Death penalty is an issue that tends to generate much controversy in the United States of America. It is an issue which if on the one side is linked to the maintenance of the law and order in the nation, on the other side this issue has to do with human values and social ethics. Hence, it is easy to understand as to why the public opinion regarding death penalty happens to be so emotive and polarized. There are people who strongly support the provision for death penalty in the law of the land, believing it to be a must for retaining a healthy social order. There also happen to be experts who think that practically speaking, death penalty is a statutory provision that has failed to deliver results over time, irrespective of being so harsh and stringent. Hence, death penalty is a legal option which if on the one side is strongly criticized by many people and scholars for being inhuman, socially unjustifiable and financially costly; it on the other side is validated by many experts for its deterrence impact and its scope for extending justice to the families of the victims of inhuman and rare crimes.
There is a strong body of opinion in the country that believes that death penalty is a form of punishment that happens to be utterly cruel and inhuman. As per the experts supporting this opinion, death penalty happens to be against the values and norms imminent in the Western liberal polity, and thereby it should be banned or prohibited at the earliest (Grant, 1998, p. 20). Such people, who decry death penalty for being inhuman, consider that death penalty is a sentence that happens to be disproportionately severe in terms of the pain it inflicts on an accused and the finality of its scope. In other words such opinions hold that death penalty not only dehumanizes the individuals accused of serious crimes, but also treats them like animals that need to be slaughtered to meet the cause of justice. The important thing is that such opinions tend to be backed by the contemporary international trends in the area of jurisprudence (Grant, 1998). It is a reality that death penalty is not allowed in many parts of the world, including the European Union nations. Such experts also gain support from the fact that the provision for death penalty in America violates the international human rights laws (Grant, 1998, p. 21). There is no denying the fact that this line of argument draws much support from the international community and a majority of the Western liberal democracies. If the nation gives in to such views, this will certainly align the United States Constitution with the prevailing international trends. At least this is what is believed by many critics of death penalty. However, this approach seems to be one sided and gives least consideration to the victims of serious and rare crimes.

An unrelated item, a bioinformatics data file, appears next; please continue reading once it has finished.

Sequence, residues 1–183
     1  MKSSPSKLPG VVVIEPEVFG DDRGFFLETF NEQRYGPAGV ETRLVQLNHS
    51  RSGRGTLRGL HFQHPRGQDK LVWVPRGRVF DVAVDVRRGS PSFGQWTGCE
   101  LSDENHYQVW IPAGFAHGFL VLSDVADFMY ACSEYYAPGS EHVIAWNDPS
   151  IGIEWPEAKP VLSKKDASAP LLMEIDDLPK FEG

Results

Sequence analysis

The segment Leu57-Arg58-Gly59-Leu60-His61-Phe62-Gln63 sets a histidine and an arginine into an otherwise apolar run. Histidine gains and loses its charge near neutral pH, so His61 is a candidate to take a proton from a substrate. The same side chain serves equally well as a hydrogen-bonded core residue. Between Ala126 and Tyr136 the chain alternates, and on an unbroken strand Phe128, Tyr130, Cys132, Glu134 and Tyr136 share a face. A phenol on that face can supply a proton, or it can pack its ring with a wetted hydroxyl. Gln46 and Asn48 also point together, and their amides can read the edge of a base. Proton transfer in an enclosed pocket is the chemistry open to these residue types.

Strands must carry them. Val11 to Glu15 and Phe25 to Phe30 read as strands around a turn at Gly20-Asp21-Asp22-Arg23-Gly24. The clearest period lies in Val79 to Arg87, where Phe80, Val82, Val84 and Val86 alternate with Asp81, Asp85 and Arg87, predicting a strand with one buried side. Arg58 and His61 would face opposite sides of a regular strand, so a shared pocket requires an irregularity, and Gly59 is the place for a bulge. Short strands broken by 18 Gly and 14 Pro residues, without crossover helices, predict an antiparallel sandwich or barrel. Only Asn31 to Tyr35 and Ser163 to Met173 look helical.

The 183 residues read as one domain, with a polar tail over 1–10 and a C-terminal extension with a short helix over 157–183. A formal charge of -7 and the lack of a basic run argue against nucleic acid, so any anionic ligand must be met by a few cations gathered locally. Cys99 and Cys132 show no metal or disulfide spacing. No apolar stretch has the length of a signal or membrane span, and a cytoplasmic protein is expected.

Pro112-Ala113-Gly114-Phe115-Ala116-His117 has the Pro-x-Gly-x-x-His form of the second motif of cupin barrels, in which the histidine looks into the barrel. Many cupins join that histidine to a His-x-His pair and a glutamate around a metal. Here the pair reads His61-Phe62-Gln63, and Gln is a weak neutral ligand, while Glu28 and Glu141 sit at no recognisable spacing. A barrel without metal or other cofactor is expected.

The inhuman implications attributed to death penalty are further backed by people who believe that death penalty is a legal provision that is based on faulty reasoning and logic and is no way socially and morally justified (Nuechterlein, 2000, p. 9). This line of argument opposing death penalty gathers support from the beliefs and values like forgiveness, kindness and mercy existing in the Christian theology (Nuechterlein, 2000, p. 10). Such critics hold that it is God that gives life to an individual. Hence, it is God who only has the right to take life away from a person. It is not up to the society or the courts to decide as to whether to deprive a person of one’s life by making one sit on an electric chair or injecting one with a lethal injection. The thing that comes out clearly in such line of reasoning is that it happens to be utterly emotional and religious in its scope. This line of reasoning fails to consider the secular functions and duties of law. Yet, it is also a fact that this approach towards death penalty is based on higher human values like kindness and forgiveness. Combined with the human rights argument, it does extend a strong case against death penalty.